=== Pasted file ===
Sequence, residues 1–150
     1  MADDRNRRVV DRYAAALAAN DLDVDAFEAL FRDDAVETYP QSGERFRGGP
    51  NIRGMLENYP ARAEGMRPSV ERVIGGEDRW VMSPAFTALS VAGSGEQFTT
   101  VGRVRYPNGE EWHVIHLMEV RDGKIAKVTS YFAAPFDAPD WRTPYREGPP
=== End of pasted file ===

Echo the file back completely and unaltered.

Sequence, residues 1–150
     1  MADDRNRRVV DRYAAALAAN DLDVDAFEAL FRDDAVETYP QSGERFRGGP
    51  NIRGMLENYP ARAEGMRPSV ERVIGGEDRW VMSPAFTALS VAGSGEQFTT
   101  VGRVRYPNGE EWHVIHLMEV RDGKIAKVTS YFAAPFDAPD WRTPYREGPP